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Cpl. Etress described the condition of Bachelder's body, both when he arrived at the scene and when he attended the autopsy the following day. Bachelder had a plastic bag secured tightly around her head; a black dog leash was looped into a noose around her neck. Bachelder's shorts were down around her ankles, her underwear had been torn in half, and she was covered in blood. He observed several stab wounds to Bachelder's neck and chest, as well as several cuts on her fingers and a deep wound between her forefinger and thumb that went almost to the bone. During the autopsy, Cpl. Etress again saw the wounds to Bachelder's neck, which appeared consistent in width with the butcher knife that had been found on the sofa. He also saw a knife wound near Bachelder's elbow that went completely through her arm. That wound was also consistent in width to the butcher knife. Cpl. Etress further described the numerous wounds to Bachelder's hands as defensive wounds that occurred when Bachelder "had grabbed the knife while she was being stabbed." (R. 594.) He also saw several puncture wounds to Bachelder's chest, including one to her left breast that went "completely through" the breast.

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(R. 595.) The width of that wound was consistent with the width of the butcher knife found at the scene.

Dr. Stephen Boudreau, a medical examiner with the Alabama Department of Forensic Sciences ("DFS"), testified that he was present when the autopsy was performed on Bachelder on August 11, 2005.3 Bachelder had several wounds to her hands--a deep gash on her right hand at the base of her thumb, a continuous gash across the middle of three of the fingers on her left hand, and a gash along the side of her left hand-all of which, Dr. Boudreau said, would have caused Bachelder pain and severe bleeding. The gash across the fingers on Bachelder's left hand was most likely caused by Bachelder grabbing a sharp object. In addition, Bachelder had wounds to her arms — one large stab wound to her left elbow that began on the top of the elbow and went completely through to the underside of the upper part of the arm, as well as a deep cut on her forearm Both arm wounds were consistent with having been caused by the butcher knife found at the scene and would also have caused pain and severe bleeding Bachelder had two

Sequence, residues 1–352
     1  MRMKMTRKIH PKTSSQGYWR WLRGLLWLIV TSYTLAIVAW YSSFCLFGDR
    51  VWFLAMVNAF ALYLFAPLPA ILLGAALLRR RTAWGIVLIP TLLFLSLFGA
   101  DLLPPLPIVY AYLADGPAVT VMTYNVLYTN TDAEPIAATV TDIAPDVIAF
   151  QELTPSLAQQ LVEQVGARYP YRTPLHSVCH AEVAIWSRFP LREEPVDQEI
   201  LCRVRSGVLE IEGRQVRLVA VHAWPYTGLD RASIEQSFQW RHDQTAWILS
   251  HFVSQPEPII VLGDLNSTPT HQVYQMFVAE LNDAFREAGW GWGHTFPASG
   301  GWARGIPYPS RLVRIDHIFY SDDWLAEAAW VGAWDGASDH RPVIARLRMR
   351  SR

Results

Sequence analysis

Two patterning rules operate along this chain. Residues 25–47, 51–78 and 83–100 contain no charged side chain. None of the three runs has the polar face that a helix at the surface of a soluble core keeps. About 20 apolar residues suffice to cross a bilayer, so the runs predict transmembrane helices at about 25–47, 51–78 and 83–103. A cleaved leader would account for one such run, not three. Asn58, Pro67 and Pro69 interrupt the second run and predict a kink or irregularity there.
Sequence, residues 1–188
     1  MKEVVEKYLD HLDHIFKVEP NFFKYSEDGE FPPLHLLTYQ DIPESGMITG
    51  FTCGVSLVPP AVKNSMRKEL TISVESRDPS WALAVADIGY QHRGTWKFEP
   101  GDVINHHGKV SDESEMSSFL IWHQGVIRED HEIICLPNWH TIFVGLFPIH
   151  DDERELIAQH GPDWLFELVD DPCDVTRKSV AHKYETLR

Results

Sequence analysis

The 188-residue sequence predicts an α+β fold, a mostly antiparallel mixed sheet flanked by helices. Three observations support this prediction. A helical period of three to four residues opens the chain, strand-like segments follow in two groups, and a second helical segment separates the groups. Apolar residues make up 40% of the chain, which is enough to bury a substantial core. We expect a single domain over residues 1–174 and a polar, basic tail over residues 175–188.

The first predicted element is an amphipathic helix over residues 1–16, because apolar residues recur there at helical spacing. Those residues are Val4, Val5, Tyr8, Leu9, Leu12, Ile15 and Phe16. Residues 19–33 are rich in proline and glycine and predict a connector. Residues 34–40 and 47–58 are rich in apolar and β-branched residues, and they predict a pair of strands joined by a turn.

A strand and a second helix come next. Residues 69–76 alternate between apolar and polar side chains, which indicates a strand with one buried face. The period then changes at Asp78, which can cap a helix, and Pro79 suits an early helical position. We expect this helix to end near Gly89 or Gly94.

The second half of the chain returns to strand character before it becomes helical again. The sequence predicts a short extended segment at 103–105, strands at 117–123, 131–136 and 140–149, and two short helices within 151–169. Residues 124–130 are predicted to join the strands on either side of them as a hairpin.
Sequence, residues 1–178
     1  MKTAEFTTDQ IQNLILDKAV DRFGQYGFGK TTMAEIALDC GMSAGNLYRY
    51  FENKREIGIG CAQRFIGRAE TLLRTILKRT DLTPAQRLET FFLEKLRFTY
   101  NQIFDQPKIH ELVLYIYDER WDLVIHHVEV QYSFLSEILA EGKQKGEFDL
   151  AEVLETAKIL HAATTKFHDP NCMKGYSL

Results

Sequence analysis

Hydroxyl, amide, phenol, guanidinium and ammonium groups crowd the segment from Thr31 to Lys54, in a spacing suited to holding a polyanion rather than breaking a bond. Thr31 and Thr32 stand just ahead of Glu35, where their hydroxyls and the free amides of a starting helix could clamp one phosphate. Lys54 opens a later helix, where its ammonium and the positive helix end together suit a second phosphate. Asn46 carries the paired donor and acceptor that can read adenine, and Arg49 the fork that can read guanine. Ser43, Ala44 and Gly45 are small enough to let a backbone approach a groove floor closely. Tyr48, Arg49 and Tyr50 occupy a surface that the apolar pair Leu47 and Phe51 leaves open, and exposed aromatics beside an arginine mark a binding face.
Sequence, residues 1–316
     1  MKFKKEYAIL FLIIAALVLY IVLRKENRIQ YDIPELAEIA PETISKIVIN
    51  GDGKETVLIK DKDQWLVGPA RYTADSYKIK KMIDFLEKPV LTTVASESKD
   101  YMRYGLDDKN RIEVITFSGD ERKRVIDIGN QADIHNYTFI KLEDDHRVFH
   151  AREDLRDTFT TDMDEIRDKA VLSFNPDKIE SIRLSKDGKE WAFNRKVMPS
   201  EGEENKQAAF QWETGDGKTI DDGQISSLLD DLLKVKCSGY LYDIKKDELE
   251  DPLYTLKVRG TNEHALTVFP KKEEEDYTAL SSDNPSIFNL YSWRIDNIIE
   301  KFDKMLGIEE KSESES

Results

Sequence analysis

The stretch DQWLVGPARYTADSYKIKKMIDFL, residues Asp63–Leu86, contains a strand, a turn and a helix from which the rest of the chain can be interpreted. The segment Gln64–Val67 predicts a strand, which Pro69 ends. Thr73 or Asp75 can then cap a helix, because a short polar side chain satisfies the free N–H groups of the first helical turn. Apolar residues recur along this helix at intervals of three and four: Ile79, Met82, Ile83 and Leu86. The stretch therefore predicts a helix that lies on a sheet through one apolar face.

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deep stab wounds and several superficial cuts on her neck, all of which were consistent with having been caused by the butcher knife at the scene and would have caused pain and severe bleeding. One of the deep stab wounds on the right side of the neck actually cut Bachelder's carotid artery, which would have caused blood to "spurt" in all directions. (R. 759.) Based on the location and direction of the wounds on Bachelder's neck, they were all inflicted separately. Bachelder also had wounds to her breast and genitals. Specifically, Bachelder suffered a stab wound to her left breast that began on the underside of the breast and penetrated through the entire breast tissue, ending on the top part of the breast. This wound was at least four inches long and was also consistent with having been caused by the butcher knife...